Funds taken from the environment levy to prop up a regional arts gallery has drawn the ire of some Highlanders.
The proposed 2020 Operational Plan and Budget revealed that the council planned to use $94,000 from the environment levy to fund the operational cost of the regional gallery.
The regional art gallery is part of the National Trust and Wingecarribee Shire Council has committed $500,000 for five years to help support the gallery.
Environmental activist Clive West has rallied support for a petition urging council to rethink its position with regards to funds taken from the environment levy. The push gained momentum at a community meeting held at the East Bowral Community Centre on May 9. The meeting was attended by more than 100 people.
"We are concerned that the use of these environment cash reserves for the gallery will reduce council's environmental work," he said.
Mr West said that there were other ways the council could fund the art gallery without touching the environment levy and he "didn't like to see two good causes pitted against each other".
Many who attended the meeting were united in their anger about the decision to take money from the levy, with some accusing the council of "stealing" the funds.
Lyn Opie who was involved with the Goulburn regional art gallery before moving to the Highlands in 1988 said she was angry with the council
"[In Goulburn] we did this with volunteers and hard work, not through council handing us money taken from the environment or anywhere else," they said.
"I don't know how you can justify a gallery, which I love, over the extinction of a koala. We can't forfeit the environment, which is something they [council] have done."
Councillor Gordon Markwart who co-chairs the environment committee encouraged residents to make a submission to state their case to council before the end of exhibition period on May 27.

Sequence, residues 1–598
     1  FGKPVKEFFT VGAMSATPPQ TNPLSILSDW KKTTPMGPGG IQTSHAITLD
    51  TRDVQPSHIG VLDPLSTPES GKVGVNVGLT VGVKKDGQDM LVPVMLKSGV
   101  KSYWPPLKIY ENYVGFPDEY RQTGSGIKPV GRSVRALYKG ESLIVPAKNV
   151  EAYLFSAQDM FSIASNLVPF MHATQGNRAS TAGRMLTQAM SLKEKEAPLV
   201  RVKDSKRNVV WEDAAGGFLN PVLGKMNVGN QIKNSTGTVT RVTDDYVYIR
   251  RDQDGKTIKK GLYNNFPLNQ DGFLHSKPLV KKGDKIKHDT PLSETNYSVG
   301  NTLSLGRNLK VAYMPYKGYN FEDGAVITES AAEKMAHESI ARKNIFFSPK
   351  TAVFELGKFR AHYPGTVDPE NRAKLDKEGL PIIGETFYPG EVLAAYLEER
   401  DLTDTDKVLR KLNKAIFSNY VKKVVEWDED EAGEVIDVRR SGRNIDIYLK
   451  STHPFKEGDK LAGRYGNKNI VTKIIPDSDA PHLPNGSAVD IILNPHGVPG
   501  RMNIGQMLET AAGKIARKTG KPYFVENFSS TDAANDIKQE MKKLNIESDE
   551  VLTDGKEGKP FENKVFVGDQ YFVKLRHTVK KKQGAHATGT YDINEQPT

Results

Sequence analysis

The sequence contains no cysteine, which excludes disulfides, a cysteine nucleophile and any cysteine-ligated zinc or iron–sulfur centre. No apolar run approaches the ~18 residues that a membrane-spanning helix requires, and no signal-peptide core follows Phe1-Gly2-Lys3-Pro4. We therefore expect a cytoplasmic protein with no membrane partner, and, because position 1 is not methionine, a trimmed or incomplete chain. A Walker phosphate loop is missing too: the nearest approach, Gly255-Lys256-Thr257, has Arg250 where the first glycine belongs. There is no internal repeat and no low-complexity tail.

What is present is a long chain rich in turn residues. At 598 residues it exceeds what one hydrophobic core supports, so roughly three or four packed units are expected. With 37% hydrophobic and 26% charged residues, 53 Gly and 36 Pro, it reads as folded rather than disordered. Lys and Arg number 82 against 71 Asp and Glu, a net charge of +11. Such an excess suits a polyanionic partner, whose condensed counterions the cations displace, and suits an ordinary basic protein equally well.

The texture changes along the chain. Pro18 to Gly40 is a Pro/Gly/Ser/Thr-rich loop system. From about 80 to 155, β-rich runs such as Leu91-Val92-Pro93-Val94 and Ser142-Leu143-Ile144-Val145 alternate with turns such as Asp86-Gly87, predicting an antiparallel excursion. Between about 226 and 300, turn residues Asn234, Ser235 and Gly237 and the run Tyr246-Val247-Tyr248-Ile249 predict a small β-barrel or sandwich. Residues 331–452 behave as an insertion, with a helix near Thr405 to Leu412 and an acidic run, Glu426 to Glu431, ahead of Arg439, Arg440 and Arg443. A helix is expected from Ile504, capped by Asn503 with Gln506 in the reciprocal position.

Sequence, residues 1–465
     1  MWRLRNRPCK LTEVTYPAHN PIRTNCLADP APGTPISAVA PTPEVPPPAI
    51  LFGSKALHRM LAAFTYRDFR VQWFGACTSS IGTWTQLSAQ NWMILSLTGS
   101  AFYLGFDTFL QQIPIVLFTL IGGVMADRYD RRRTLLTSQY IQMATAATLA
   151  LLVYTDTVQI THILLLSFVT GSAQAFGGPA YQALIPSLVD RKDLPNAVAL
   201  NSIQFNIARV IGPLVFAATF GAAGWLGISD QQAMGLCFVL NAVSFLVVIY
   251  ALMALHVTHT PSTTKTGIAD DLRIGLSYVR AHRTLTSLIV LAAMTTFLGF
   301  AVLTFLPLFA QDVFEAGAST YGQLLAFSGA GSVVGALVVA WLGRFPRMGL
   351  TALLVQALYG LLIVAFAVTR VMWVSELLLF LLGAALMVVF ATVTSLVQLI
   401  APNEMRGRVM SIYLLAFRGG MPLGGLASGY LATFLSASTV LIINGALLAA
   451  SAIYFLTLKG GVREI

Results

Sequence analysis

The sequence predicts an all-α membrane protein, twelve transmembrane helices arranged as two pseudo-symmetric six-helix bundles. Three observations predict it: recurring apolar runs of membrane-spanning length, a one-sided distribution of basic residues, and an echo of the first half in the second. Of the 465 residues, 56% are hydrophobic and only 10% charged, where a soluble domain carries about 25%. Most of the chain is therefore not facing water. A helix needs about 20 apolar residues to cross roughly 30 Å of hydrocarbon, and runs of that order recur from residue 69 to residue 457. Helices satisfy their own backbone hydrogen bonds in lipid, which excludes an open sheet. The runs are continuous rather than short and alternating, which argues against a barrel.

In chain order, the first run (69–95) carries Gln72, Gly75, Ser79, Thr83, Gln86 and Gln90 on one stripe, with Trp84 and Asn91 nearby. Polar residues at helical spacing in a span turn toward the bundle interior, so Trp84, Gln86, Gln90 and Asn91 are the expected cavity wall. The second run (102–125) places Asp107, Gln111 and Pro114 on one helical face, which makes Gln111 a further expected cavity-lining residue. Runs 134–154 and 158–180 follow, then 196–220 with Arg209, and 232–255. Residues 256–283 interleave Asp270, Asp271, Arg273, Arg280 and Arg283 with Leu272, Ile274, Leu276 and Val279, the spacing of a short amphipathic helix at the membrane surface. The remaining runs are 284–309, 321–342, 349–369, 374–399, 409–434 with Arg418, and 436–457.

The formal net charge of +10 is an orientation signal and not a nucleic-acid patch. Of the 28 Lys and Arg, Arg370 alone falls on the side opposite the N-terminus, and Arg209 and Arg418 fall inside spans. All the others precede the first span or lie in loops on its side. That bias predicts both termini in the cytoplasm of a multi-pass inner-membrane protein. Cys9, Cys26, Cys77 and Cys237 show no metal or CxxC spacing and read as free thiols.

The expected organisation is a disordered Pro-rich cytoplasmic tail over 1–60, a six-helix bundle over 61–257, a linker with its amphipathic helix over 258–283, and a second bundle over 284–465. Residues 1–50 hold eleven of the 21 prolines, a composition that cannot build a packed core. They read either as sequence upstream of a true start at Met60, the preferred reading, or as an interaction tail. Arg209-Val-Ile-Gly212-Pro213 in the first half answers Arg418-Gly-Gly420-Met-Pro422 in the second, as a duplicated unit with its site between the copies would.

"That is the best thing you can do."
"For the record, I voted against the gallery for two reason. One, there was no funding source identified, it's bad financial practice to buy something with no funding identified. The second point is, there was no public consultation."
Mayor Duncan Gair said that cuts had been made to accommodate the funding, including the reduction in hours at the Resource Recovery Centre, reductions in the Arts and Culture program and cuts towards internal projects.
"What other area will we take it from? Because somebody else will have to miss out," he said.
"In the 2019/2020 financial year, council will generate $1.284 million from the environment levy which will be used directly for the delivery of programs and projects identified in the levy."
Mr West believes that a viable option for funding the art gallery is to set up a tax deductible charity fund, which is something the Central Coast Council has successfully implemented in the past.
He said he hoped to sit down with Cr Gair and the General Manager, Ann Prendergast to discuss various alternate funding options and to find a solution.
Mr West has since been advised by Cr Gair that he is willing to sit down and talk about it.
The regional art gallery will be located at Retford Park.